Next we should remember the provisions of the Health and Safety at Work Act 2015, which relevantly provides, between sections 58 and 60, an informal code for the introduction of a new Health and Safety Policy. For present purposes, the introduction by an employer of a policy to promote vaccination would be such a Health and Safety Policy. For example, the relevant provisions make clear that when an Employer is making decisions about ways to eliminate or minimise risks in a workplace, there must be a process of engagement with workers affected by the decision before any hard and fast decisions are made.
It follows from the foregoing that if an Employer wishes to promote vaccinations amongst its staff, and is not within the category of businesses or entities that are covered by any of the Government Health Orders which require vaccination, it is possible for such a private sector business to develop a pro-vaccination policy, but only after a period of thorough and detailed consultation with the affected staff so that it can be truly said that the policy that is finally enunciated is a joint enterprise of the Employer and the affected staff.
Even in those circumstances, it is still going to be an open question as to whether an Employer would be able to successfully defend a decision to dismiss an existing staff member for a refusal to be vaccinated, even where there had been a process of full consultation of the sort just described.
There are, however, two glosses to this proposition. The first is that the position may be different in respect to new staff. To put that point another way, it may be available to an employer, who has a comprehensive Health and Safety Policy that has been developed after extensive consultation with existing staff, to decline to offer employment to persons who indicate that they are not yet vaccinated because the employer may be able to say that a term of the Offer of Employment is that the incoming worker be vaccinated already and is able to prove that.
There are still possible arguments against such a situation; the first being that it may be available to an Employee or potential Employee who has been denied employment, exclusively because of their failure to be vaccinated, to argue that refusal to hire them is unlawful discrimination either in terms of the Employment Relations Act 2000, or in terms of the Human Rights Act. Whether such a claim would be successful or not may depend on whether the failure to be vaccinated was the only ground on which the Employer relied upon not to appoint a particular person and if the employer were able to point to other deficits in the potential employee’s qualifications or experience.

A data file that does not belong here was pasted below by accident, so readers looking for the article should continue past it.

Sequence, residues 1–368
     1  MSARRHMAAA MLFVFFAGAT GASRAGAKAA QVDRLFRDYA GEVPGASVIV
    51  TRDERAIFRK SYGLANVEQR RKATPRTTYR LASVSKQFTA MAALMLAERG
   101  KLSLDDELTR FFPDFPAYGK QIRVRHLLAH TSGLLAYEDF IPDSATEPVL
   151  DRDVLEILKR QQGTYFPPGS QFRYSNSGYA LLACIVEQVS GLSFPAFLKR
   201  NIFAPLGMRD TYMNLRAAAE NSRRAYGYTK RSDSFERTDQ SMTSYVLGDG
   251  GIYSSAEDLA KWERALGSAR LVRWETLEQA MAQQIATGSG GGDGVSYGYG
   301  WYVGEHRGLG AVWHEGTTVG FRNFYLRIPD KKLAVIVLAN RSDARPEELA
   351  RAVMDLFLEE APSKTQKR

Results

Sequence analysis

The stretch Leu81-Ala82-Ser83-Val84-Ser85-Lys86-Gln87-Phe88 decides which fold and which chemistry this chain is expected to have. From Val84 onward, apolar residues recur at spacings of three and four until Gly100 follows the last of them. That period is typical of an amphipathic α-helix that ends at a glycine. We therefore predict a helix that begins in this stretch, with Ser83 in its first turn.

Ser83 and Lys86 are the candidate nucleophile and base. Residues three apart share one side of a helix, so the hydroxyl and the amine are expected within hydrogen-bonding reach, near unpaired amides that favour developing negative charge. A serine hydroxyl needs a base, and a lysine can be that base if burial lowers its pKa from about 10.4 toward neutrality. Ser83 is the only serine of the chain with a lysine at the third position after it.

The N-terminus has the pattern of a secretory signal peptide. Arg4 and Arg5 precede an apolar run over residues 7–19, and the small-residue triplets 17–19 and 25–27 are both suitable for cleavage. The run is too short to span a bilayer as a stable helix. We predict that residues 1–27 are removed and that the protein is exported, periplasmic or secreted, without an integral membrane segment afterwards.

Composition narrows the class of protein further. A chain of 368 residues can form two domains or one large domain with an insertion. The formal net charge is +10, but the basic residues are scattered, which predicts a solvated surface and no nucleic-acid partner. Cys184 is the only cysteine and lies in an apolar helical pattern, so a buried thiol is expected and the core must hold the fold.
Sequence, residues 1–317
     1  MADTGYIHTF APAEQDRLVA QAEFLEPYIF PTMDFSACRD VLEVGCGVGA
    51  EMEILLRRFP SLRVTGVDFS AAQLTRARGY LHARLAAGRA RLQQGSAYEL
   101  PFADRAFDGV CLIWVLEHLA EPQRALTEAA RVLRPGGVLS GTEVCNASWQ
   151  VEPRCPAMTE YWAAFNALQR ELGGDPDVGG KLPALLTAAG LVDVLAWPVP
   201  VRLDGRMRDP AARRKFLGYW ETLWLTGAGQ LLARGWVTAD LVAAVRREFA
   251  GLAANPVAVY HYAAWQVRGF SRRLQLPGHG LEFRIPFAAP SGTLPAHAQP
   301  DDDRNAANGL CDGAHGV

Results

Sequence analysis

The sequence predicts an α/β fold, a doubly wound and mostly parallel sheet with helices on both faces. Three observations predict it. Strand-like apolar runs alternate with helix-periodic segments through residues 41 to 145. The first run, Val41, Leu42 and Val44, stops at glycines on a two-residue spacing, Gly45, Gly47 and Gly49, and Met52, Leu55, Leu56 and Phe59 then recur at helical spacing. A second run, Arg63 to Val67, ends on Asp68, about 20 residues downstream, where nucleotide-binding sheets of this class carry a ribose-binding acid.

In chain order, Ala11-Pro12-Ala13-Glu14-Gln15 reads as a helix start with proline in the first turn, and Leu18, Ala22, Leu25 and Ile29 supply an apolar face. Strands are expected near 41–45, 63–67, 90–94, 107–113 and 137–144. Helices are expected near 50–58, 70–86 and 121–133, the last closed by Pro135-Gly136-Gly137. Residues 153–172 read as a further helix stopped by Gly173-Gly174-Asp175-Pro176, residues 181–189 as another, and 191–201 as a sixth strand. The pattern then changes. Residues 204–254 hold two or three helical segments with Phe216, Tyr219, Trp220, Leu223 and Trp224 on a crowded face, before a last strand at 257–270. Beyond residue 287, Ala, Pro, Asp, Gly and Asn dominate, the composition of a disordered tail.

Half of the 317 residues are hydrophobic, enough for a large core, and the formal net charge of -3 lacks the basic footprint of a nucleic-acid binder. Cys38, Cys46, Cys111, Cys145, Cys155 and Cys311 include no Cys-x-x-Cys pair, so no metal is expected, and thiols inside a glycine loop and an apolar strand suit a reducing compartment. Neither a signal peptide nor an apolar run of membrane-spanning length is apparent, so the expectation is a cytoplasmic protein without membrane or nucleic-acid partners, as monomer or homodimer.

The second qualification to the broad rule that I referred to above is that where there are particular circumstances in the workplace which seem to encourage vaccination, albeit that vaccination is not legally mandated, it may be more difficult for an Employee to resist the requirement to be vaccinated where public policy considerations tend to militate in favour of vaccination.
For example, a learning institution, a hospital or care facility, or any facility that engages with potentially vulnerable individuals may well be able to defend the requirement for existing staff to be vaccinated, provided there had been a proper process of consultation in the development of the policy.
A recent decision of the Fair Work Commission in Australia (Australia’s equivalent to our Employment Relations Authority) demonstrates this point very well. In Barber v Goodstart Early Learning, the Fair Work Commission found that Goodstart had a statutory duty to ensure, as far as was reasonably practicable, the health and safety of its employees and that Ms Barber, one of their staff members, had employee responsibilities in that same regard. Because this workplace involved the care of children, there were additional obligations on the Employer. The Commission decided vaccination was seen as a superior control measure for the prevention of disease within a childcare environment and so it was available to Goodstart to mandate vaccination. The underpinning of that ability to mandate vaccination was Goodstart having worked through a thorough consultation process with staff and affected unions. The irony around this decision is that it did not relate to vaccination for COVID-19, but simply vaccination against influenza.
While decisions of the Fair Work Commission are of only persuasive authority in New Zealand, it is suggested that a similar result would apply in New Zealand if a factual situation similar to Goodstart came before our Employment Relations Authority.
If, as an Employer, you are contemplating moving towards a situation of mandating vaccination for COVID, there is, as this article suggests, an area where the law is yet to be settled and accordingly you should take our advice before you proceed further down the track.